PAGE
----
– The SPX set a higher low at 3,700

3. Now (early January)
– TNX reached resistance at 3.9% and fell back to 3.7%
– The SPX has found support at 3,800 and is climbing back above 3,854.90

So where will the 10-year yield – and by extension, the S&P – go from here?

John and Wade think it comes down to Wall Street’s expectations for Fed policy here in 2023.

If Wall Street starts pricing in more interest rate hikes this year, we’ll likely see 10-year rates rise, which will weigh on the S&P.

But if Wall Street thinks fewer interest rate hikes are ahead, the 10-year yield will fall, paving the way for a rally in the S&P.

This points us to the logical follow-up question: what will impact Wall Street’s expectations for the direction of the 10-year yield?

Back to John and Wade:

Economic announcements.

If Wall Street sees signs of the U.S. economy contracting, it will expect fewer rate hikes from the Fed, as signs of economic contraction indicate that rate hikes already made are having their intended effect. .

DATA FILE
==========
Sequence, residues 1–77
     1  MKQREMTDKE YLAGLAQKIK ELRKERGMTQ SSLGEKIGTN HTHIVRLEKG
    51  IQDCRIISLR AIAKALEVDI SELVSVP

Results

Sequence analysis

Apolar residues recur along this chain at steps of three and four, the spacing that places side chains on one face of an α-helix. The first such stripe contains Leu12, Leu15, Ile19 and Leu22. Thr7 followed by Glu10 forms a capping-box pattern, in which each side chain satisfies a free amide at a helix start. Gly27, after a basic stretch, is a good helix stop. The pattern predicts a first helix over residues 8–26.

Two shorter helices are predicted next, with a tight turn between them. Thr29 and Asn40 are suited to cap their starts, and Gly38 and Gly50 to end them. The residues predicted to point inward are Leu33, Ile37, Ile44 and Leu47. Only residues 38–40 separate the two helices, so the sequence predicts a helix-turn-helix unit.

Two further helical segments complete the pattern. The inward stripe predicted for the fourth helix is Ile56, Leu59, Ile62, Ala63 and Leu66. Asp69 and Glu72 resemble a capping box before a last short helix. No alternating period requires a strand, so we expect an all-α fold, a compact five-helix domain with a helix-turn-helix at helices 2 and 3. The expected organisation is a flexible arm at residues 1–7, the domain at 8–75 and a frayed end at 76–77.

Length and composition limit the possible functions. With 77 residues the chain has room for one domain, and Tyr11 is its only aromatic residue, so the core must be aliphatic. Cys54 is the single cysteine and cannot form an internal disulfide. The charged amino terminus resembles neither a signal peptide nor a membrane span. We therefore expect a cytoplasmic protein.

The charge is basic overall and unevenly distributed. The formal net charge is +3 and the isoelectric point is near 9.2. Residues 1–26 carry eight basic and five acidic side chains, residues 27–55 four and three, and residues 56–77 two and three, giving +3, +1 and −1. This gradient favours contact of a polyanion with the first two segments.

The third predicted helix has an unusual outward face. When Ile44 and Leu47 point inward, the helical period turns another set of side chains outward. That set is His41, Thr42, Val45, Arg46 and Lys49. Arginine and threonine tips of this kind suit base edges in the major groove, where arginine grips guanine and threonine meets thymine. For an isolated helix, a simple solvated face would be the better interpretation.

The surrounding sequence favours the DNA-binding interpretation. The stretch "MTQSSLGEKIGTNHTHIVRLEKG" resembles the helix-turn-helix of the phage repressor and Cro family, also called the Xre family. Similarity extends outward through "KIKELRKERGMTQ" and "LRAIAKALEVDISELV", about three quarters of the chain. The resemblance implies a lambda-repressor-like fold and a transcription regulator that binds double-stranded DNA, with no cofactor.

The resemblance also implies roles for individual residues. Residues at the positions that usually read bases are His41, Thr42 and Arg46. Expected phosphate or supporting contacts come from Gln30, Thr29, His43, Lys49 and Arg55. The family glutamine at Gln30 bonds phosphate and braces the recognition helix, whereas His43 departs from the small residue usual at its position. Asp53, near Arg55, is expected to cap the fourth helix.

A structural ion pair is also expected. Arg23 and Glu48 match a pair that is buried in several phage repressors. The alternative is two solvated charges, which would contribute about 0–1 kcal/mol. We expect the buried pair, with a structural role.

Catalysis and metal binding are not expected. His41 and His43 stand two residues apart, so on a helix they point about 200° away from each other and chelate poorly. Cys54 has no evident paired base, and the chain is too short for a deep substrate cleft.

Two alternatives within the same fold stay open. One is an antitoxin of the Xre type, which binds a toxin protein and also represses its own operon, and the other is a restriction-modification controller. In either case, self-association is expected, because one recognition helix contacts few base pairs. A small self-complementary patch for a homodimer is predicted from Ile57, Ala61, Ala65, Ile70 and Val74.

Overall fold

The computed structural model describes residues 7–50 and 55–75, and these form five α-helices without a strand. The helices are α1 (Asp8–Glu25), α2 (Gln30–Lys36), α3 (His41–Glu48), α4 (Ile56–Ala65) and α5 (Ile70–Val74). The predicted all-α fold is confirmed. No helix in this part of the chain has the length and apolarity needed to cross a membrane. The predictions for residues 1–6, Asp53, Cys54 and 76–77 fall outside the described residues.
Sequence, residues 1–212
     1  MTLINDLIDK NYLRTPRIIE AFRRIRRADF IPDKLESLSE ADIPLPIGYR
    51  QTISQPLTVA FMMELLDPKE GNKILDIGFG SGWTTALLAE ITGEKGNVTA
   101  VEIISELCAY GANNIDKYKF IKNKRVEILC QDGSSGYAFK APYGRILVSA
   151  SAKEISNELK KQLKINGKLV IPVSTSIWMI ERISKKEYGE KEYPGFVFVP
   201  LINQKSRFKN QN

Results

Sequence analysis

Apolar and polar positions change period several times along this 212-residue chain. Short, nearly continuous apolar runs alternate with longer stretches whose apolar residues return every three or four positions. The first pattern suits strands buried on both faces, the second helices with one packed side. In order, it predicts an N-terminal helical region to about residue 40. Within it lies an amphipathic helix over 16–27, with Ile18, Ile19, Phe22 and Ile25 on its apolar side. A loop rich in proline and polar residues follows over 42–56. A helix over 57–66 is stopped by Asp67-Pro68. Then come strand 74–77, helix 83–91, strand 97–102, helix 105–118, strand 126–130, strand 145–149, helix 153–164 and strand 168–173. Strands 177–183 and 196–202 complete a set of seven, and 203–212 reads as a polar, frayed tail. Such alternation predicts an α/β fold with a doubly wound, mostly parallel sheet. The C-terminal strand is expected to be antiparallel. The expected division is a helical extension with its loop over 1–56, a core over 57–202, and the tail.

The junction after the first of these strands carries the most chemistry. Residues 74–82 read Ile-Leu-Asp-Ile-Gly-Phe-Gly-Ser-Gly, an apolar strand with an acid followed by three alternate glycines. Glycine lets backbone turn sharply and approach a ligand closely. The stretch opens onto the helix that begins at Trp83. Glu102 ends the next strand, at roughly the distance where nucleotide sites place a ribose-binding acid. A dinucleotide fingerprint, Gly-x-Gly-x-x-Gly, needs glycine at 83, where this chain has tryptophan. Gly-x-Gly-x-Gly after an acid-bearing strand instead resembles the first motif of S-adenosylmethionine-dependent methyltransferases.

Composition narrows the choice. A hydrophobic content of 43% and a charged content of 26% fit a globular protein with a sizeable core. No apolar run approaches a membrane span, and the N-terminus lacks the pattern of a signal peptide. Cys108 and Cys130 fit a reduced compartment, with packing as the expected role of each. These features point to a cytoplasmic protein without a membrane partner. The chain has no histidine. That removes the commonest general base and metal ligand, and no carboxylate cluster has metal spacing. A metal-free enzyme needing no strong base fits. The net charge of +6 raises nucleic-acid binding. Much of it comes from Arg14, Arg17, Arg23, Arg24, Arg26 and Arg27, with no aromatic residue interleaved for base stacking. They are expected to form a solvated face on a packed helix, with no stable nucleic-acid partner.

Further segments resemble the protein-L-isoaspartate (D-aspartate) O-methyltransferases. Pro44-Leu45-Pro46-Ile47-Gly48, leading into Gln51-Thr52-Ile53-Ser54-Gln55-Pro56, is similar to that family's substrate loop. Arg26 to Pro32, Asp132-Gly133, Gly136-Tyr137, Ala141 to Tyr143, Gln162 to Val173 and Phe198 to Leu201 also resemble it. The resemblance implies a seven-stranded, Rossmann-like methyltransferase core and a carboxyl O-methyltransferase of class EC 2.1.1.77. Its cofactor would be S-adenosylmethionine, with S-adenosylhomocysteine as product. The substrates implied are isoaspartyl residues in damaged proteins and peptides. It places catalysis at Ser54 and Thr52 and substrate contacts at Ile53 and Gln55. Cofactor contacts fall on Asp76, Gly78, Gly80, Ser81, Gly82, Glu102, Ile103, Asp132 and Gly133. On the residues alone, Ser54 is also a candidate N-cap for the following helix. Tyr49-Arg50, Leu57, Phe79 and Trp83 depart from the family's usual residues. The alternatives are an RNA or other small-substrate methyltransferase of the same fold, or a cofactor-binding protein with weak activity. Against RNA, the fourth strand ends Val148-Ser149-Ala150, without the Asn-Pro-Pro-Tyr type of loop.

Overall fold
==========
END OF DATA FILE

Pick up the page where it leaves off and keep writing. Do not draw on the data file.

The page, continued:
If Wall Street sees signs that the U.S. economy is expanding (or at least not contracting), it will expect further rate hikes from the Fed, as signs of economic expansion indicate that the rate hikes already implemented are not having the desired effect.

And that brings us back to the point where “bad news is good news” and vice versa.

Encouraging data on the economy is now bad news for equities, as it means the Fed will remain aggressive with rate hikes – impacting the 10-year Treasury yield and, therefore, the value of your shares.

We saw this dynamic play out yesterday with the surprisingly strong ADP jobs report

Let’s go to CNBC for what happened:

The labor market ended 2022 on a high note, with companies adding far more positions than expected in December, payroll processing company ADP reported Thursday.

Private payrolls rose 235,000 for the month, well ahead of the Dow Jones estimate of 153,000 and the 127,000 originally reported for November.

True to form, the S&P tumbled yesterday, falling 1.2% as investors feared strong jobs numbers would push the Fed to keep raising interest rates.

In their Strategic trader Wednesday update, John and Wade pointed to two other recent reports that offer conflicting clues about economic health:

So far this week, we’re getting mixed messages.

The ISM Manufacturing PMI (Purchasing Managers’ Index) number came in at 48.4, which was a positive sign for the SPX.